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The COVAX Facility: the way forward to ensure equitable distribution of COVID-19 vaccines?

The distribution of COVID-19 vaccines across the globe is far from fair. High-income countries currently hold a confirmed 4.6 billion doses of vaccines, compared to 1.5 billion doses by middle-income countries and 1.3 billion doses by lower-income countries. This lack of vaccine equity in the COVID-19 response is relevant to the COVINFORM project’s focus on vulnerabilities and structural inequalities in the pandemic.

An initiative set up to battle inequities in vaccine procurance and distribution is the COVID-19 Vaccines Global Access (COVAX) Facility. This blog post discusses why equitable distribution is important and explores whether the COVAX Facility is the best way forward to ensure fair global distribution of COVID-19 vaccines.

The importance of fair distribution

First and foremost, finding a way to distribute vaccines equitably across the globe is important from a moral point of view. Indeed, the Director General of the World Health Organization (WHO) has called unequal COVID-19 vaccine policies a “catastrophic moral failure”, the price of which “will be paid with lives and livelihoods in the world’s poorest countries”.

However, there are also pragmatic arguments for a fair distribution of vaccines. In order to break chains of transmission and stop the pandemic, a substantial proportion of the global population has to be vaccinated. In an interconnected world, no country is an island, and “unless we end the pandemic everywhere, we will not end it anywhere”. Vaccinating the global population will also slow the emergence and spread of new variants.

The COVAX Facility

The goal of the COVAX Facility is to coordinate fair procurement and distribution of COVID-19 at a global level. COVAX pools funds from countries and donors to invest in a range of different vaccines and collectively negotiates with suppliers and manufacturers. By investing in a diverse portfolio of vaccines, COVAX increases the likelihood that countries have access to one or more effective vaccines.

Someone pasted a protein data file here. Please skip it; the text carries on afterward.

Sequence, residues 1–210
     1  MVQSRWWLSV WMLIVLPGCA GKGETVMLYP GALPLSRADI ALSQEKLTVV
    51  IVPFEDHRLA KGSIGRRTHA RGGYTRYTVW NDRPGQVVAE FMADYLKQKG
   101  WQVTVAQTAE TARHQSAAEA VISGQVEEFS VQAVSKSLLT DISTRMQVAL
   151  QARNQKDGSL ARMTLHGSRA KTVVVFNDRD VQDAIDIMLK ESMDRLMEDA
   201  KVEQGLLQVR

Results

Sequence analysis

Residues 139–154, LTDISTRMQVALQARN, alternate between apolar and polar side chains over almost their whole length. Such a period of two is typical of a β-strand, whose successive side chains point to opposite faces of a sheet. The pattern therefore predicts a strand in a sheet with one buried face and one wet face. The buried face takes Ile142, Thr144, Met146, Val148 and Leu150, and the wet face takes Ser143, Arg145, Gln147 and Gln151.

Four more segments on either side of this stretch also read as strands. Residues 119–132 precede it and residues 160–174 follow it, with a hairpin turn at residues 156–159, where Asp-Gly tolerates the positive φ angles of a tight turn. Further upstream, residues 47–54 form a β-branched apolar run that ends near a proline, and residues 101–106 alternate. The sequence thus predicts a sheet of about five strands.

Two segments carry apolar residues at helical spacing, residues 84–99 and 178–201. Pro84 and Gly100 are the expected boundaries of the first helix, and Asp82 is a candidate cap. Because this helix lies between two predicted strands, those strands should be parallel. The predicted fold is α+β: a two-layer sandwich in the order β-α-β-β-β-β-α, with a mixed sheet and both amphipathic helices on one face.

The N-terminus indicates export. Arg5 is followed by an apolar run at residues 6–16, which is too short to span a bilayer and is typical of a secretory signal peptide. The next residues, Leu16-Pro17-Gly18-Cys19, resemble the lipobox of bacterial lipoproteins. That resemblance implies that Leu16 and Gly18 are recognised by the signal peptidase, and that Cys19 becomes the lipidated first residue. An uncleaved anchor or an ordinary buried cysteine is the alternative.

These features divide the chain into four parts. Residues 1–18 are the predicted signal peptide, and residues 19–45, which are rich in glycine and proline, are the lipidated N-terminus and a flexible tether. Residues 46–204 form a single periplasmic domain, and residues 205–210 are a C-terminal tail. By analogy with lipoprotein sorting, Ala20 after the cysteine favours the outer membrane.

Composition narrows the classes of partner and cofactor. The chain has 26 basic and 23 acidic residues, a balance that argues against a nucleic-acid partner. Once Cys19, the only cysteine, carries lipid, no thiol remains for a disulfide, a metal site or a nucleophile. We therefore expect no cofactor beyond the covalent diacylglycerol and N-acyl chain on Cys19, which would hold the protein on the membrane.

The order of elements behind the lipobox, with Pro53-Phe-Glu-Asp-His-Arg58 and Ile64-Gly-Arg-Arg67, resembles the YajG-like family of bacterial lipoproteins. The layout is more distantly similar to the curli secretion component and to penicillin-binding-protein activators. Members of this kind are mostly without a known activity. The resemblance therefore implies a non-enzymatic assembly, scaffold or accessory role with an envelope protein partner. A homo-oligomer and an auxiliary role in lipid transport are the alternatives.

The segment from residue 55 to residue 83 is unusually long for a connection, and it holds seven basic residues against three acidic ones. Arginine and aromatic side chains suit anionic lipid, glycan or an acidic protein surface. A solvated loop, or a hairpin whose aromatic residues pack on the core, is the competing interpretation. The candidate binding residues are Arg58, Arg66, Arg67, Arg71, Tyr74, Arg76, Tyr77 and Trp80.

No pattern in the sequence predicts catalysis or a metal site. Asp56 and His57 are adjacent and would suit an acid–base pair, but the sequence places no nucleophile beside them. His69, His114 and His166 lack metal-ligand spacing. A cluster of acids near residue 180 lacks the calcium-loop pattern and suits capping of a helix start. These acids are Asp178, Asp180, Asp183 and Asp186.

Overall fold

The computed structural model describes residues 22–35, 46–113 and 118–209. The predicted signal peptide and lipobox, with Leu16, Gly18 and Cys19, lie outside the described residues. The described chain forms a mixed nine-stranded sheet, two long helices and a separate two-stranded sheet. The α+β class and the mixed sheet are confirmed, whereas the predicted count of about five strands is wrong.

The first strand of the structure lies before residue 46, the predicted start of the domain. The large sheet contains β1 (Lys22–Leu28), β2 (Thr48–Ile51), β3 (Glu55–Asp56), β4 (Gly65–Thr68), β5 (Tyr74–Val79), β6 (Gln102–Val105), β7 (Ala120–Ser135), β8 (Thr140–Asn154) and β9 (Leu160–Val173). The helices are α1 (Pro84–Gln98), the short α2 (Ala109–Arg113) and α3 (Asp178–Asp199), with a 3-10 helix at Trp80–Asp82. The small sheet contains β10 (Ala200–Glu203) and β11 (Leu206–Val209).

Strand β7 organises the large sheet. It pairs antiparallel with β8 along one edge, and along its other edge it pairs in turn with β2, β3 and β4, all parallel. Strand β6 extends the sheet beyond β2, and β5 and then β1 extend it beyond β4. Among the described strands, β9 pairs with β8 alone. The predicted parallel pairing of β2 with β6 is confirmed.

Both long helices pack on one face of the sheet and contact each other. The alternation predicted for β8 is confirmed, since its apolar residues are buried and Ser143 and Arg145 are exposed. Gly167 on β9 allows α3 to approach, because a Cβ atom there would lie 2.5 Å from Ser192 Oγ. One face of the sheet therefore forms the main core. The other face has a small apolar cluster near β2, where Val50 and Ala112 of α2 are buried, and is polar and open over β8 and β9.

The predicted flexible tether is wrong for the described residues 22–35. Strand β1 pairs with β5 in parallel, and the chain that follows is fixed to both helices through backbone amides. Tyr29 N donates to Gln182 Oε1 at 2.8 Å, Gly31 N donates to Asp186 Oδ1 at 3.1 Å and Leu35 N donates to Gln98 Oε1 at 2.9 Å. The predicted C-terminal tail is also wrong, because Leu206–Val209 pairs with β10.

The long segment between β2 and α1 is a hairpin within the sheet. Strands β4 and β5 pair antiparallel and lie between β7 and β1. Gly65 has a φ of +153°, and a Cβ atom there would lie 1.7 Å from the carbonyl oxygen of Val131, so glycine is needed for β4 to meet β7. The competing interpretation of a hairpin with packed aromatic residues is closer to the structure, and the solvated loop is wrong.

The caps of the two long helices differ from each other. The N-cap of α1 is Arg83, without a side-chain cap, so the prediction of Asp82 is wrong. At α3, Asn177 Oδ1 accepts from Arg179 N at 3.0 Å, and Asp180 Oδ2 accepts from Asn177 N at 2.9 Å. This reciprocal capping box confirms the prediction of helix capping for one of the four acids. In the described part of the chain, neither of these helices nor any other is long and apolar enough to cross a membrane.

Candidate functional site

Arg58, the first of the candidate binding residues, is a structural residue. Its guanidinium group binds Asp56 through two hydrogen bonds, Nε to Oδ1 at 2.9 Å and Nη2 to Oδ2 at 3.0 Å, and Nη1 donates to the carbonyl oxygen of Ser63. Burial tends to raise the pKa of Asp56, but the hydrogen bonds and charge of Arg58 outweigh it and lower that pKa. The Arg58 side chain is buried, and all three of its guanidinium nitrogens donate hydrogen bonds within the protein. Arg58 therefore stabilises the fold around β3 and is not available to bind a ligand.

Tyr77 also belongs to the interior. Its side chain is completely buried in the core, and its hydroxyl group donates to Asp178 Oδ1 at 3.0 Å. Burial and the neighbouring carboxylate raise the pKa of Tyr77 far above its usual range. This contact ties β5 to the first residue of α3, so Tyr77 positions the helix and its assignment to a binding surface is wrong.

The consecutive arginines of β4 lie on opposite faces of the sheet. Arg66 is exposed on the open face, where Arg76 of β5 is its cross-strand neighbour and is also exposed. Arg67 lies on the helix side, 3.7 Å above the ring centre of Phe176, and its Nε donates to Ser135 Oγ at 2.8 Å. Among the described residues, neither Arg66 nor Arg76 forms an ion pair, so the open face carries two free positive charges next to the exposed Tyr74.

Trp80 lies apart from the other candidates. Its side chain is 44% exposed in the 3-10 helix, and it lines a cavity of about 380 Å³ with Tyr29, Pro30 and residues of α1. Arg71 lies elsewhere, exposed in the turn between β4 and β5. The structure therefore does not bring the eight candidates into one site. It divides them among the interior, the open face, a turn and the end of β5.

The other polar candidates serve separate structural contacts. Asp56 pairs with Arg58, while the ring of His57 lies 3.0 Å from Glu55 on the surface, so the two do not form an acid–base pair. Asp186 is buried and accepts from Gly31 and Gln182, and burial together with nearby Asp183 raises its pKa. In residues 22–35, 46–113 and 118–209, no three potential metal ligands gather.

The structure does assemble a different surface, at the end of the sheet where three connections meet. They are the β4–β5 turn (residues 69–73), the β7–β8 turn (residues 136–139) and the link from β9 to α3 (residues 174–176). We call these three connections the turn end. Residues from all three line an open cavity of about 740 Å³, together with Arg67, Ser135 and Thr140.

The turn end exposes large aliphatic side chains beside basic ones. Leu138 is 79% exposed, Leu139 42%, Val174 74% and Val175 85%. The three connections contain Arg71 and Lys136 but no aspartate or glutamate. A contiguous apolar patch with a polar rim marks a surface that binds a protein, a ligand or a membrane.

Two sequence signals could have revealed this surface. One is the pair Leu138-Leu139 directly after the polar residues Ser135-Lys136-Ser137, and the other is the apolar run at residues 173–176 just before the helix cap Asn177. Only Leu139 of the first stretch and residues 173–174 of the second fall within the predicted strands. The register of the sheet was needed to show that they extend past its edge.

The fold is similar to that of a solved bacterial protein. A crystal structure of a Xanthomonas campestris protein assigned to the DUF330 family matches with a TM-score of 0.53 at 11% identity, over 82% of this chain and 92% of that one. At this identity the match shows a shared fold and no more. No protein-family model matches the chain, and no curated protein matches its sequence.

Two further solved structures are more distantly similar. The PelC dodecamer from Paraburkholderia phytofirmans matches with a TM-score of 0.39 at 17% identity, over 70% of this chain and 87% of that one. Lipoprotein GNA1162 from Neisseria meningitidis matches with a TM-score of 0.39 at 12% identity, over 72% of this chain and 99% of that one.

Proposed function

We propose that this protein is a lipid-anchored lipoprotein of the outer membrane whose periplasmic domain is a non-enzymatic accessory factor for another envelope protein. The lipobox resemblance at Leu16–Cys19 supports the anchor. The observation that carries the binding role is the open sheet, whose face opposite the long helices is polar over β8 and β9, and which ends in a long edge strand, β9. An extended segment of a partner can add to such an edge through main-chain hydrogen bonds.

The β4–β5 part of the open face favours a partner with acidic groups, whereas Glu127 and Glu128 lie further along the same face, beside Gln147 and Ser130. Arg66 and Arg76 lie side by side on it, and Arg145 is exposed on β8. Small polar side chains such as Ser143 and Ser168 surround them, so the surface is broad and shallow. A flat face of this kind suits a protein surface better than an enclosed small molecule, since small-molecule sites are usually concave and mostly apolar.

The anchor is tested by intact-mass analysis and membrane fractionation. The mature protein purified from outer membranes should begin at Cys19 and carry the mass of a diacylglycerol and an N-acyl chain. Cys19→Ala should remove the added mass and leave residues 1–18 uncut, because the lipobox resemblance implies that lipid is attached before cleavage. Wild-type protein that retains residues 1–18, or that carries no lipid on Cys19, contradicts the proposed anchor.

So far, approximately 190 countries have joined the initiative, among which are about 64 high-income countries. COVAX aims to purchase 2 billion vaccine doses by the end of 2021, of which at least 1.3 billion doses will be reserved for low and middle-income countries.

The three governments donating most money to COVAX are the USA, the UK and Germany. Last month, the European Union announced that it would double its contribution to COVAX by donating an additional €500 million.

Progress and pitfalls

COVAX is widely praised for providing an equitable distribution mechanism, but it has been slow to get off the ground. By the end of March 2021, a meagre total of 32 million doses had been shipped through COVAX. Key barriers to rapid roll-out are underfunding and vaccine hoarding by high-income countries.

Many governments of high-income countries have gone around COVAX and signed bilateral agreements with pharmaceutical companies to avoid being left at the back of the queue. Some countries have even signed agreements for access to many more doses than they have citizens. For example, Canada has signed vaccine purchase deals for nearly nine times as many vaccines as it needs for its population of 37 million. If all the EU’s vaccine orders are fulfilled, it will also have a surplus of around 525 million full vaccinations.

By “gobbling up scarce global supply”, these bilateral deals effectively limit low- and middle-income countries’ access to vaccines. Delays in the production and delivery of vaccines to richer countries push back COVAX delivery dates for poorer ones. In fact, it has been projected that most lower-income countries will not be fully vaccinated until at least 2023.

A key challenge COVAX faces is that it has no power to compel states to share their vaccine surpluses. As a result, it remains at the mercy of the goodwill of individual governments and donors.

Critics have pointed out that the most effective way to achieve global vaccination coverage quickly would be to provide countries with the knowledge and infrastructure to produce their own vaccines. COVAX has been accused of failing to address the fundamental problem: unwillingness to waive intellectual property rights and to share data and technology with low-income country vaccine manufacturers.

Looking to the future

COVAX is an ambitious initiative which has helped fuel the global conversation about vaccine equity. It is certainly a step in the right direction, but additional efforts are required to achieve greater equity in the distribution of COVID-19 vaccines.

The effectiveness of COVAX could be improved by demanding of countries that they donate any excess vaccine doses to the Facility, so they can be redistributed to countries where COVID-19 is still circulating.

However, the fastest and most ethical way to ensure rapid global roll-out of COVID-19 vaccines would be to waive patent rights for vaccines and promote partnerships, technology transfers and training in vaccine manufacturing. A way of achieving this would be to force pharmaceutical companies to join the WHO’s COVID-19 Technology Access Pool (C-TAP), so that any manufacturer around the world could start producing vaccines.

It will be difficult for COVAX to deliver on the scale that is required without challenging pharma companies’ monopoly control. Leaving no one behind in ensuring access to lifesaving vaccines requires political leaders to address the inherent flaws in the global vaccine access system.


Author: Jil Molenaar



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